until 1455. De Re Aedificatoria, written in classical Latin and structured in ten parts like Vitruvius’s De Architectura, was completed in 1452. Vitruvius’s book was its principal source and model, but Alberti also drew upon Plato, Pythagoras, and the Christian fathers; his own archeological studies; and, importantly, the consensus of contemporary architectural thought. Vitruvius had summarized the architectural practice of his day; Alberti went further to lay down universal rules.

As Italian society and fashions changed, from around 1420 the mason-architect had begun to be displaced, first by the artist-architect and then the courtier-artist-architect. With training in neither building nor art, Alberti wrote a book about the art of building that completed the metamorphosis of the architect into a dilettante-scholar; that made “design distinct from matter,” as he put it, and turned the art of architecture into an academic pursuit in which creativity and design skill could be honed to perfection simply by obeying a set of rules. Intuition was replaced with measurable absolutes. It gave architectural design a thoroughly developed theory of harmony and proportion and made it simple—at least in theory. According to some sources, the last Latin edition was a folio version in Bologna, of 1782. Translations and many derivative works found their way through western Europe.

Book I of De Re Aedificatoria defined design, set down the criteria for good architecture (convenience, stability, and delight), and discussed the basis of composition and proportion. Book II dealt with matters of professional practice and building materials. Book III addressed practical building construction. Book IV covered many aspects of civic design, and Book V dealt with plans for various building types. The next book explored the esthetic dimension of architecture, defining beauty as “a harmony of all the parts in whatsoever subject it appears, fitted together with such proportion and connection, that nothing could be added, diminished or altered, but for the worse.” It also included a section on mechanical and technical details. Alberti’s strong attachment to antiquity was revealed in Books VII and VIII, that took up the subjects of ornament in religious buildings and Roman urban design, respectively. In Book IX the axiomatic principle underlying Renaissance architecture was restated: that beauty is an innate property of things, achieved by following cosmic rules. Then there was an assortment of chapters about mostly practical issues. Book X descended to the pragmatic: water supply, engineering, repairing cracks, and even how to get rid of fleas.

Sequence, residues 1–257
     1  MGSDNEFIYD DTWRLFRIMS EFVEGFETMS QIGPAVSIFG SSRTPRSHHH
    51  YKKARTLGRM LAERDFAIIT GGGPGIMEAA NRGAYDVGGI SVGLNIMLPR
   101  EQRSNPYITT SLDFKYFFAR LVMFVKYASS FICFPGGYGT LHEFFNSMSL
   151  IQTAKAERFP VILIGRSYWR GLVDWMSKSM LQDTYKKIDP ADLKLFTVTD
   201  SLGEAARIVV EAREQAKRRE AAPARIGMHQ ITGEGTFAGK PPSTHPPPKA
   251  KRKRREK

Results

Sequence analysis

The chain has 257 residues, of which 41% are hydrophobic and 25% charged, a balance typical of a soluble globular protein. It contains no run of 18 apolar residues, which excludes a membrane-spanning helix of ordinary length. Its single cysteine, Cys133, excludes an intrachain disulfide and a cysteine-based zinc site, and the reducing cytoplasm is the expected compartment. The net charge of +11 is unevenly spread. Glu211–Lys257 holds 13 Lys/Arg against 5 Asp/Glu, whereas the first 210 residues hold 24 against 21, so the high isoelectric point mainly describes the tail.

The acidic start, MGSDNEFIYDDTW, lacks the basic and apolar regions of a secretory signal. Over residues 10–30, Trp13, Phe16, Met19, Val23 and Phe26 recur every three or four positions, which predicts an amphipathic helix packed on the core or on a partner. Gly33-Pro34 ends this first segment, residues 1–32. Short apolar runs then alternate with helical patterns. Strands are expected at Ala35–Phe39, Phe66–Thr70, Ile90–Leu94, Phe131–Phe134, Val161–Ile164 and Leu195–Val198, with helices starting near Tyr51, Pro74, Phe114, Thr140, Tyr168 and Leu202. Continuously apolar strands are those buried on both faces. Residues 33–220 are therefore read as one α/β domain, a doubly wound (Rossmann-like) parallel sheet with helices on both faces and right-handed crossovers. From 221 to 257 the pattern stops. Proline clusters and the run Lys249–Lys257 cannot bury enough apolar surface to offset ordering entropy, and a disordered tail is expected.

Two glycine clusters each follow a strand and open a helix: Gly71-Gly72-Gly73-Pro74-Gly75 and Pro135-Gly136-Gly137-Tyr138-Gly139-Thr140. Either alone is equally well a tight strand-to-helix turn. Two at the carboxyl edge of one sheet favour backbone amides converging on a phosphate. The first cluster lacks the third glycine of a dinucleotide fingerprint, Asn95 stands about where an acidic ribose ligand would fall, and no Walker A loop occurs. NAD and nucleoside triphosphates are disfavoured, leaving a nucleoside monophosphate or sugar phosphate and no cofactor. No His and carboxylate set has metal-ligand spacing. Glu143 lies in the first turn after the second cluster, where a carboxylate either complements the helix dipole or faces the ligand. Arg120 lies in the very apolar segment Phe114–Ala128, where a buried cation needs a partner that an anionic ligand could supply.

Alberti applied his theories in only a few buildings, mostly unfinished renovations or extensions. They included the facades of the Church of San Francesco (otherwise known as Tempio Malatestiano) of 1450, in Rimini; the facades of the Palazzo Rucellai (1446–1451) and Santa Maria Novella (1458–1471), both in Florence; and San Sebastiano (1459) and Sant’Andrea (1470–1472), both in Mantua. His biographer Giorgio Vasari wrote in 1550, “His writings possess such force that it is commonly supposed that he surpassed all those who were actually his superiors in art” and added, “He was a person of the most courteous and praiseworthy manners … generous and kind to all.”

Further reading

Alberti, Leon Battista. 1988. On the Art of Building in Ten Books. Cambridge, MA: MIT Press.

Borsi, Franco. 1989. Leon Battista Alberti: The Complete Works. New York: Electra/Rizzoli.

Vasari, Giorgio. 1991. Selections from the Lives of the Artists. Oxford, UK: Oxford University Press.

De Stijl

Founded in Leiden, the Netherlands, in 1916, the group known as De Stijl was Europe’s most important theoretical movement in art and architecture until the mid-1920s, when leadership passed to Germany.

In 1916 the architect J. J. P. Oud met the critic and painter Theo van Doesburg and soon introduced him to another young architect, Jan Wils. First forming De Sphinx artist’s club in Leiden, the three founded, with the railwayman-philosopher Anthony Kok and the painters Piet Mondrian, Bart van der Leck, and expatriate Hungarian Vilmos Huszár, the group known as De Stijl. Others joined them: the fiery Communist Robert van ’t Hoff and the Belgian sculptor Georges Vantongerloo (both in 1917); the furniture